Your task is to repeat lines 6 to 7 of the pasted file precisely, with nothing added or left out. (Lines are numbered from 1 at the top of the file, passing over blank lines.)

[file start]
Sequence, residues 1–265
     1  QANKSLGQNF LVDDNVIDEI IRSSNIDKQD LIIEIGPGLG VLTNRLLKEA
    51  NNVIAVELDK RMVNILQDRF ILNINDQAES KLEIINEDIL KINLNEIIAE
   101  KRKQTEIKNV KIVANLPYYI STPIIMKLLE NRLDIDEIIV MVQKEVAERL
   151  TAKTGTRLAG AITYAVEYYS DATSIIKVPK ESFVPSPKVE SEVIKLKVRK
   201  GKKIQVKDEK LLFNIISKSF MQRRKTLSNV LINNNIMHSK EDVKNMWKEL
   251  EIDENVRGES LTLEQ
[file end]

   201  GKKIQVKDEK LLFNIISKSF MQRRKTLSNV LINNNIMHSK EDVKNMWKEL
   251  EIDENVRGES LTLEQ